The world’s largest HO model railroad, Miniatur Wunderland, is located in Hamburg, Germany. It impresses with the final statistics it plans for 2020, when the entire layout is completed: nearly 25,000 square feet of layout, over 65,000 feet of track, 1,300 trains, 6,000 buildings, 300,000 figures and 330,000 trees. This giant of a pike is crafted by a staff of 200 working about 850,000 hours at a total construction cost of 15 million Euros.

But the statistics are meaningless until you marvel at the many pictures and videos on the site. Areas are devoted to such locations as Switzerland, Hamburg and the U.S.A. These include replicas of such famous attractions as the Matterhorn, the Hamburg Main Station and Las Vegas. Knuffingen Airport sprawls over 1,600 square feet, complete with scale airliners taking off and landing. Cars rush through highways, moving through proprietary technology, while boats cruise down waterways. Small wonder that this attraction has become on of the top sites of the city.

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Comments 9 comments

Alladream74 profile image

Alladream74 5 years ago from Oakland, California

Always great fun


Soramelo profile image

Soramelo 5 years ago

Hi :-)

Loved your Hub and voted.

You have great Hubs my friend :-)


Peggy W profile image

Peggy W 4 years ago from Houston, Texas

Wow! It would be something to see that model train display in Hamburg, Germany when it is completed. It will be quite the tourist attraction, I am sure. Thanks for all of this useful information. Voted that as well as interesting and up.


molometer profile image

molometer 4 years ago from Cambridgeshire, England

OMW what an astonishing collection of hubs.

You have done it again Aurelio. Excellent work.

The Hamburg video is mind blowing.

The amount if time, effort and ingenuity that went into building this exhibit is staggering.

The detail is stunning.

Voted up all the buttons except funny.

This is going on the list for a visit. Sharing socially.


B. Leekley profile image

B. Leekley 4 years ago from Kalamazoo, Michigan, USA

I'll share this with my brother who is into model railroading.


alancaster149 profile image

alancaster149 4 years ago from Forest Gate, London E7, U K (ex-pat Yorkshire)

This is a comprehensive guide to model rail-roading - or railway modelling on this side of the 'pond'. I model in 4mm 'OO' which oddly uses 4mm railway vehicle 'body' sizes and 'HO' scale track, a sort of compromise somebody came up with in the thirties or forties. So I couldn't take part in your poll. At one time I joined the Scalefour Society which I found to be fairly elitist but the finished product was worth a gape or two.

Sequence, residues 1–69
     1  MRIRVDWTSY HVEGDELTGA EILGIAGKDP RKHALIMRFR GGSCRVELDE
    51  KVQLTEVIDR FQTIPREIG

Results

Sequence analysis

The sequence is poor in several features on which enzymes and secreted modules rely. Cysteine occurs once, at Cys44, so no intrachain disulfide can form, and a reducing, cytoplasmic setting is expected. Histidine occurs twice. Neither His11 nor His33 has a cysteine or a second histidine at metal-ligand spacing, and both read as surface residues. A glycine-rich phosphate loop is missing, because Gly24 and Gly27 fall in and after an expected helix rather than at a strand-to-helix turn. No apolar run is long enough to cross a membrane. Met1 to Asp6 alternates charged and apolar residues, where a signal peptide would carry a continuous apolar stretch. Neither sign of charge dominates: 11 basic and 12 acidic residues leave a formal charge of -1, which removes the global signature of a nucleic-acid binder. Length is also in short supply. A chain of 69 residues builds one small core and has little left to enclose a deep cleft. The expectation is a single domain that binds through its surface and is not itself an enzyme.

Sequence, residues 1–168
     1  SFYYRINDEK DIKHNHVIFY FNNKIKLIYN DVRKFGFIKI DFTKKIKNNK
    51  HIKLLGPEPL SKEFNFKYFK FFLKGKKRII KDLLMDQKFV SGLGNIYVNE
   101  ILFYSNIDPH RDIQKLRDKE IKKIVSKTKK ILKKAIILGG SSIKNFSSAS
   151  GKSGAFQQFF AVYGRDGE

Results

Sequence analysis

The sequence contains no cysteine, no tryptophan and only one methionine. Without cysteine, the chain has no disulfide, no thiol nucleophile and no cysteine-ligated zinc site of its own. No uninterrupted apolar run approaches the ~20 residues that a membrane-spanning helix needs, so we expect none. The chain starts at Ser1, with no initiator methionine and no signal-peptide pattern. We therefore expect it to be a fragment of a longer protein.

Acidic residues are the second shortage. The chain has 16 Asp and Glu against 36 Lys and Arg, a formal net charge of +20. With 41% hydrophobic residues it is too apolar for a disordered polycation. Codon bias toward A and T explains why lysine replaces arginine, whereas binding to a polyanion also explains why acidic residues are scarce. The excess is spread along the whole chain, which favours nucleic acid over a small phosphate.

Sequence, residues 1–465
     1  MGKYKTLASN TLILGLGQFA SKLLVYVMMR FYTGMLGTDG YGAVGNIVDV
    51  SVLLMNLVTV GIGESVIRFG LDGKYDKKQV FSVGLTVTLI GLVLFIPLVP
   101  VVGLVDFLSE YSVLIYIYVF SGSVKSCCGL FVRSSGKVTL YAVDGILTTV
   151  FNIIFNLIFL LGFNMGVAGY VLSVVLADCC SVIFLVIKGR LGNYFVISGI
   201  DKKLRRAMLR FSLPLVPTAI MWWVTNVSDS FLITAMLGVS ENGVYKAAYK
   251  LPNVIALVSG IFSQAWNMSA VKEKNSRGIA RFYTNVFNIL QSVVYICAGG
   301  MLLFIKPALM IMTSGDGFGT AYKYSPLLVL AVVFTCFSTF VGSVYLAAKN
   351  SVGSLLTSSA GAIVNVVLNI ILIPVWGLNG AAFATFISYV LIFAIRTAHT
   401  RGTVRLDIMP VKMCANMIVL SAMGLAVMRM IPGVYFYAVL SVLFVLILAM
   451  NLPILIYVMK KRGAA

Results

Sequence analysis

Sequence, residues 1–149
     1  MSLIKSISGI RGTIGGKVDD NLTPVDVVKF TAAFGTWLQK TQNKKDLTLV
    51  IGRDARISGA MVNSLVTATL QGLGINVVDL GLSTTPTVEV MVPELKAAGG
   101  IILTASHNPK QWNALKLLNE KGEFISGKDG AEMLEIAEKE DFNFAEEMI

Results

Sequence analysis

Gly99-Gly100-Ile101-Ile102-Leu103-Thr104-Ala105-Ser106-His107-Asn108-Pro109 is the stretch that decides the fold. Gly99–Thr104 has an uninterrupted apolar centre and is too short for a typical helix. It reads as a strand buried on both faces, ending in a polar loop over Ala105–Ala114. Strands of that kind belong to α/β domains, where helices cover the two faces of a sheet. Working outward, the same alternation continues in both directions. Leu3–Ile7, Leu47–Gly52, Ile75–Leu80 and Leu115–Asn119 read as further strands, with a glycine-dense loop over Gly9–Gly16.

In terms of small layouts, I recommend you buying LAYOUTS FOR LIMITED SPACES by Nigel Adams (Silver Link Publications @ £15.99 when I bought it in 1996, ISBN 1-85794-055-5). There is a company called Wild Swan who publish 'How To...' guides for railway modellers as well as a periodical title 'MODEL RAILWAY JOURNAL'. I have a number of copies of this journal with articles on a large-scale exhibition layout (now retired from the circuit) 'Bramblewick' by Tom Harland, an East Yorkshire artist with help from some serious scale modelling names! It's spread across four different editions, two of which (No's 102, 153) I keep in plastic covers - they're that good!


alocsin profile image

alocsin 4 years ago from Orange County, CA Author

Nice to hear from a fellow model railroader, alancaster149, and I think this is easily the longest comment I've ever gotten. I have quite a few small space books from your side of the Atlantic, mostly by Iain Rice. Interestingly enough, the title you recommend isn't available here on Amazon but the sequel is. I actually have a couple of OO Britrail cars that I bought when I was in the UK. Actually found some pics of Bramblewick at scalefour.org. Beautiful.


MarleneB profile image

MarleneB 3 years ago from Northern California, USA

Amazing! Thank you for the references. I would really like to visit the Miniatur Wunderland some day. Ten thousand railroad cars? Over 200,000 habitants? It's amazing. And, visitors can interact? I totally wish I could see that.


alocsin profile image

alocsin 3 years ago from Orange County, CA Author

It's truly an amazing world, MarleneB. Someday I'll get to visit it. As far as I know, visitors can only watch, although there are a few places where they can push buttons to make things run.